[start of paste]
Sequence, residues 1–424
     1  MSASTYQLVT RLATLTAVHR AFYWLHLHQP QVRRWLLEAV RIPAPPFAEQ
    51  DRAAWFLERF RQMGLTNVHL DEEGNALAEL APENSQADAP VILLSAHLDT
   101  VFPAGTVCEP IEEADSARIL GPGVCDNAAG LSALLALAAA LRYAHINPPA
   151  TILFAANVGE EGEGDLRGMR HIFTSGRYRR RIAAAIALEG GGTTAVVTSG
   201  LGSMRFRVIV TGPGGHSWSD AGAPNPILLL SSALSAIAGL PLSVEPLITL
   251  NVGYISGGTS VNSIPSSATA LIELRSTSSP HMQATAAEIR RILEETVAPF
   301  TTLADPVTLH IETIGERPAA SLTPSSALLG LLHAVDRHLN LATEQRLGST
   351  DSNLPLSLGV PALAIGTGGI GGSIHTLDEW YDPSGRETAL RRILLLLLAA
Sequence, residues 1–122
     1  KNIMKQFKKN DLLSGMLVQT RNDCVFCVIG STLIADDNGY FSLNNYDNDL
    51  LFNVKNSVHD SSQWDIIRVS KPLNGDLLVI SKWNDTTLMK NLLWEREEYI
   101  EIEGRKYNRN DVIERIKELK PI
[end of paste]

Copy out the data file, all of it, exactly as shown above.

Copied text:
Sequence, residues 1–424
     1  MSASTYQLVT RLATLTAVHR AFYWLHLHQP QVRRWLLEAV RIPAPPFAEQ
    51  DRAAWFLERF RQMGLTNVHL DEEGNALAEL APENSQADAP VILLSAHLDT
   101  VFPAGTVCEP IEEADSARIL GPGVCDNAAG LSALLALAAA LRYAHINPPA
   151  TILFAANVGE EGEGDLRGMR HIFTSGRYRR RIAAAIALEG GGTTAVVTSG
   201  LGSMRFRVIV TGPGGHSWSD AGAPNPILLL SSALSAIAGL PLSVEPLITL
   251  NVGYISGGTS VNSIPSSATA LIELRSTSSP HMQATAAEIR RILEETVAPF
   301  TTLADPVTLH IETIGERPAA SLTPSSALLG LLHAVDRHLN LATEQRLGST
   351  DSNLPLSLGV PALAIGTGGI GGSIHTLDEW YDPSGRETAL RRILLLLLAA
Sequence, residues 1–122
     1  KNIMKQFKKN DLLSGMLVQT RNDCVFCVIG STLIADDNGY FSLNNYDNDL
    51  LFNVKNSVHD SSQWDIIRVS KPLNGDLLVI SKWNDTTLMK NLLWEREEYI
   101  EIEGRKYNRN DVIERIKELK PI